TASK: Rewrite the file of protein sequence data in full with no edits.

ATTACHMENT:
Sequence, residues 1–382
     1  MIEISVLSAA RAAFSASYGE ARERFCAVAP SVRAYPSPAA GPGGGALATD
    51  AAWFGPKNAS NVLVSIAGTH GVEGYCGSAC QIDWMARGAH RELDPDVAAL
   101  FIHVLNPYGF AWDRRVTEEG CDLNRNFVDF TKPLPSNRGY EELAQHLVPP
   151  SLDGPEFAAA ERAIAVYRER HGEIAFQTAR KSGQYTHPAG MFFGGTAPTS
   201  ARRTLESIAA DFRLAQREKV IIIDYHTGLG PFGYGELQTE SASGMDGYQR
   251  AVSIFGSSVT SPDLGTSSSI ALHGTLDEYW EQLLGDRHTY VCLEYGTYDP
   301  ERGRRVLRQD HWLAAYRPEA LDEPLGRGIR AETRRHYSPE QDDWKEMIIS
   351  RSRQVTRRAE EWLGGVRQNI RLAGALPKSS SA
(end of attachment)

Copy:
Sequence, residues 1–382
     1  MIEISVLSAA RAAFSASYGE ARERFCAVAP SVRAYPSPAA GPGGGALATD
    51  AAWFGPKNAS NVLVSIAGTH GVEGYCGSAC QIDWMARGAH RELDPDVAAL
   101  FIHVLNPYGF AWDRRVTEEG CDLNRNFVDF TKPLPSNRGY EELAQHLVPP
   151  SLDGPEFAAA ERAIAVYRER HGEIAFQTAR KSGQYTHPAG MFFGGTAPTS
   201  ARRTLESIAA DFRLAQREKV IIIDYHTGLG PFGYGELQTE SASGMDGYQR
   251  AVSIFGSSVT SPDLGTSSSI ALHGTLDEYW EQLLGDRHTY VCLEYGTYDP
   301  ERGRRVLRQD HWLAAYRPEA LDEPLGRGIR AETRRHYSPE QDDWKEMIIS
   351  RSRQVTRRAE EWLGGVRQNI RLAGALPKSS SA